Your SlideShare is downloading. ×
0
Charleston   licensing e content 2011
Charleston   licensing e content 2011
Charleston   licensing e content 2011
Charleston   licensing e content 2011
Charleston   licensing e content 2011
Charleston   licensing e content 2011
Charleston   licensing e content 2011
Charleston   licensing e content 2011
Charleston   licensing e content 2011
Charleston   licensing e content 2011
Charleston   licensing e content 2011
Charleston   licensing e content 2011
Charleston   licensing e content 2011
Charleston   licensing e content 2011
Upcoming SlideShare
Loading in...5
×

Thanks for flagging this SlideShare!

Oops! An error has occurred.

×
Saving this for later? Get the SlideShare app to save on your phone or tablet. Read anywhere, anytime – even offline.
Text the download link to your phone
Standard text messaging rates apply

Charleston licensing e content 2011

91

Published on

Preparing for e-content licensing in academic settings. From the 2011 Charleston Conference Pre-Conference, "Licensing Electronic Content."

Preparing for e-content licensing in academic settings. From the 2011 Charleston Conference Pre-Conference, "Licensing Electronic Content."

Published in: Technology
0 Comments
0 Likes
Statistics
Notes
  • Be the first to comment

  • Be the first to like this

No Downloads
Views
Total Views
91
On Slideshare
0
From Embeds
0
Number of Embeds
0
Actions
Shares
0
Downloads
0
Comments
0
Likes
0
Embeds 0
No embeds

Report content
Flagged as inappropriate Flag as inappropriate
Flag as inappropriate

Select your reason for flagging this presentation as inappropriate.

Cancel
No notes for slide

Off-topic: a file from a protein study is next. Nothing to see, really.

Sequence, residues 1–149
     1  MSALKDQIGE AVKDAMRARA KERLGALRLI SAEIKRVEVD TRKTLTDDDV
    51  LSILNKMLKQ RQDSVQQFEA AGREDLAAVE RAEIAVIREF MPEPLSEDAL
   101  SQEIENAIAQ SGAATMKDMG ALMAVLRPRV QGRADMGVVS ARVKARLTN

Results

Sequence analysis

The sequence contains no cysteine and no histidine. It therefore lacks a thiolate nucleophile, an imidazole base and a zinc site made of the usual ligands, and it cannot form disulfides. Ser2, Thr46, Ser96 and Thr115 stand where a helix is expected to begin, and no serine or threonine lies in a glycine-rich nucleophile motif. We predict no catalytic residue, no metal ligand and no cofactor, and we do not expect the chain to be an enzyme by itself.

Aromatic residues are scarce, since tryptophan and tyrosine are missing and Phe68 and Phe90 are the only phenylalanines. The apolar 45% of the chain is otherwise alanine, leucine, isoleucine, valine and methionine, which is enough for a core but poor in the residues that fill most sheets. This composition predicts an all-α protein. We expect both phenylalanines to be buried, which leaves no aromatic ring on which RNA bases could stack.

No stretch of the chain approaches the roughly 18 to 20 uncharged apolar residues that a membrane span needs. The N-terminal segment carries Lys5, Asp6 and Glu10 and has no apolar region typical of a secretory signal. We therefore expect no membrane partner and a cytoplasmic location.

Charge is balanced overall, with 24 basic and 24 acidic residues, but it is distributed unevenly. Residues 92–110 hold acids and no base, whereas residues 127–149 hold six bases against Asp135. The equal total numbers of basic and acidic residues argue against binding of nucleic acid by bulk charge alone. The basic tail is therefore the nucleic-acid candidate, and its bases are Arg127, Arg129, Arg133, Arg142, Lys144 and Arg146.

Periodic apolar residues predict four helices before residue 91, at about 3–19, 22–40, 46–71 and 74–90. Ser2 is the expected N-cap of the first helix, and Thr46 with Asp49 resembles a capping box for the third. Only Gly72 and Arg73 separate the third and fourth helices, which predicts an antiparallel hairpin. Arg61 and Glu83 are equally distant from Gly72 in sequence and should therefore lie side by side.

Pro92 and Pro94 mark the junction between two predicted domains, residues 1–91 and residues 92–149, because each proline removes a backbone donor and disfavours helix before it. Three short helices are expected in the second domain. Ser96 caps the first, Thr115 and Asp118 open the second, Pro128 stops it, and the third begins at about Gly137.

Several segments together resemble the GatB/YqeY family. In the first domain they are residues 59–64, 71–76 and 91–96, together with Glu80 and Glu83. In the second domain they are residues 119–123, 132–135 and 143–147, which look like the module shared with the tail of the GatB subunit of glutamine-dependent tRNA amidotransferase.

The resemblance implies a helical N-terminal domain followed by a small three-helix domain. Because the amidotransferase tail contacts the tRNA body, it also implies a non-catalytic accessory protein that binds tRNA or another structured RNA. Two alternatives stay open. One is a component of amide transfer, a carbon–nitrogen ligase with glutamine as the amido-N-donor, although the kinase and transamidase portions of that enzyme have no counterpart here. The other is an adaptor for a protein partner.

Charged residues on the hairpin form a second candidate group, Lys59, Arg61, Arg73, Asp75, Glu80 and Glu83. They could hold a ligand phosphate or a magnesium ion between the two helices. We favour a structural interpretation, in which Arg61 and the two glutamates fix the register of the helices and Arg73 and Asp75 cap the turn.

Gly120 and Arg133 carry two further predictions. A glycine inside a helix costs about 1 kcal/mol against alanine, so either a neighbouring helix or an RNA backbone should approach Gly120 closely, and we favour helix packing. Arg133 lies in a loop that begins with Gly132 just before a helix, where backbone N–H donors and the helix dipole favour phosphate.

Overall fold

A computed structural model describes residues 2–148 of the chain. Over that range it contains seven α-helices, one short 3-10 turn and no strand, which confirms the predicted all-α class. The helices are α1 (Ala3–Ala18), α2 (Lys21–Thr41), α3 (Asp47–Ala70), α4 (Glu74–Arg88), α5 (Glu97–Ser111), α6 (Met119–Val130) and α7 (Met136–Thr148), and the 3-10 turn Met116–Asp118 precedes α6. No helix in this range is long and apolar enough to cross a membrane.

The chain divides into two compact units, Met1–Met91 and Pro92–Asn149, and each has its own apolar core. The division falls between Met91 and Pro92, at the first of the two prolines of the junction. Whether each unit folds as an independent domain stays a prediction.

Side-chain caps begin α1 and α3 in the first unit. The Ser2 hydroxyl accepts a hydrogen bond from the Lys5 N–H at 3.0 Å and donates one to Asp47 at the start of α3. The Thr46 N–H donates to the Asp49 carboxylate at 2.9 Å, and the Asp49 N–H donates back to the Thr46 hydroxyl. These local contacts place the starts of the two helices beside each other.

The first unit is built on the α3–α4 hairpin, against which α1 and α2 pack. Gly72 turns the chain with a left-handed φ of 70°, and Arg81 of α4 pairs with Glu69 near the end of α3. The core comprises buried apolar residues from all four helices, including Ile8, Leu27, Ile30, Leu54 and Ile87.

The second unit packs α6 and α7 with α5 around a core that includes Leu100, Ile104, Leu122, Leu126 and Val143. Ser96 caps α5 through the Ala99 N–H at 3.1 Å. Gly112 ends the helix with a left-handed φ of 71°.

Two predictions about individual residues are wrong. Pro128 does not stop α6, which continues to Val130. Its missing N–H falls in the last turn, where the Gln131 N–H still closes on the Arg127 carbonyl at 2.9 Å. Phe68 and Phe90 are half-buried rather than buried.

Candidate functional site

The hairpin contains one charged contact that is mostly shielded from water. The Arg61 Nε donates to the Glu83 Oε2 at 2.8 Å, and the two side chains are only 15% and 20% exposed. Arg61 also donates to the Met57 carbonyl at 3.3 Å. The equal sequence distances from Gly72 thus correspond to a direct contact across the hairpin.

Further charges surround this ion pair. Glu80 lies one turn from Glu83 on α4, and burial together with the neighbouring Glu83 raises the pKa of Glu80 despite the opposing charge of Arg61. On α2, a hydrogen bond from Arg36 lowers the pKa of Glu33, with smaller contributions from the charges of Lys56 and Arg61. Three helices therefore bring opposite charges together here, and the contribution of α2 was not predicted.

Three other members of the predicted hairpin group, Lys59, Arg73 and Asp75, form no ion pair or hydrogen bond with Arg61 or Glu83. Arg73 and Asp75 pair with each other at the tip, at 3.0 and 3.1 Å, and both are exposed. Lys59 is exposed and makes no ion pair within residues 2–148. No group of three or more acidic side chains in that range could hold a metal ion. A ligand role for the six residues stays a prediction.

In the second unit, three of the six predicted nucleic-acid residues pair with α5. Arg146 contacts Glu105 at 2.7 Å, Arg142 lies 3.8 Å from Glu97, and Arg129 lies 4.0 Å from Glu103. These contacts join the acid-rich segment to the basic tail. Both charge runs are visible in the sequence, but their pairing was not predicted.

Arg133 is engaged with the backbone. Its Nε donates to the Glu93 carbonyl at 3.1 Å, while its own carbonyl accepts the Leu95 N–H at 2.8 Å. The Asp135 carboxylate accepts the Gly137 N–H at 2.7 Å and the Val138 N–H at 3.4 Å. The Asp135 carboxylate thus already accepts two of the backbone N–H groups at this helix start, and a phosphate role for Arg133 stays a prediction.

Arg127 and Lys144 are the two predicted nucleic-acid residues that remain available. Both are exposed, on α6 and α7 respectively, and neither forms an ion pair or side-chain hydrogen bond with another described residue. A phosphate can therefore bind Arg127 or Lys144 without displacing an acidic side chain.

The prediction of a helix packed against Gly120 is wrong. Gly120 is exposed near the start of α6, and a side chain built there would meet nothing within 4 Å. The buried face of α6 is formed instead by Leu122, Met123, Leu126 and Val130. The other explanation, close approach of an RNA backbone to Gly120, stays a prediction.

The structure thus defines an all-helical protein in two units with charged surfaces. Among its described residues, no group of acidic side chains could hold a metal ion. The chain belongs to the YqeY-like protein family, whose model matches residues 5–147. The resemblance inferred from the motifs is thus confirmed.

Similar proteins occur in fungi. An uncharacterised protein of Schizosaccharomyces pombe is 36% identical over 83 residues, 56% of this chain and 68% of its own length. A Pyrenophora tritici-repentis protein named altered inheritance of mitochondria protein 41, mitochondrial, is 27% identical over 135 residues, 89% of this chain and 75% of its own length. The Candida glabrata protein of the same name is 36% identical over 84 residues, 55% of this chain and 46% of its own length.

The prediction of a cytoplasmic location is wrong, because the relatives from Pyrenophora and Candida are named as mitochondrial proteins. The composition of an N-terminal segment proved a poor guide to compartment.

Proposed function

• \n
  • \n
  • \n
  • \n
  • \n
  • \n
  • \n
  • \n
  • \n
  • \n
  • \n
  • \n
  • \n
  • \n
  • Transcript

    • 1. LicensingElectronic Content Negotiating with Vendors: Being Prepared2011 Charleston Conference
    • 2. What’s a License?• Sanction granted by one party to another to perform activities that are otherwise not permitted or clearly defined• Legal instrument establishing rights of BOTH parties• A contract; an agreement• Consists primarily of: • A body, with general terms/conditions • Appendixes/Attachments/Schedules, Exhibits addressing
    • 3. Why Sign A License?“A verbal contract isn’t worththe paper it’s printed on.” Samuel Goldwyn“Trust everybody, but cut the cards.” Finely Peter Dunne“Those who trust in chance mustabide by the results of chance.” Calvin Coolidge
    • 4. Some Other Reasons• To affirm rights/privileges and define limits; to protect against abuse• To specifically detail obligations • Traditional law/custom may not cover all relevant issues • Specific allowances may be available, but not defined elsewhere• License supersedes other instruments (eg, if license prohibits ILL, licensee cannot claim right under “fair use”)
    • 5. Preparations: Know Thyself• Confirm access is necessary • Do you have it via an aggregator, or a consortium? • Is it available for free (eg, Project Gutenberg) and is that platform acceptable?• Do you hold current or previously-published volumes, or is it a new order? • May affect back-file access privileges or pricing• Have IP range on-hand, or where vendors can get it • IP info should be kept up-to-date • Know IP number(s) of your proxy server• Know your internal selection/licensing process • Do you prefer to pay directly or via an agent? Consortium? By credit card? • Are your subs consolidated or spread out – and how will this be tracked? • Who executes the agreement?• Have institution’s contact points on hand • Billing, technical issues, content decisions, etc• Know to which Shibboleth federation your institution belongs• What/how many sites are included?• Know your link resolvers• Does your institution use SERU?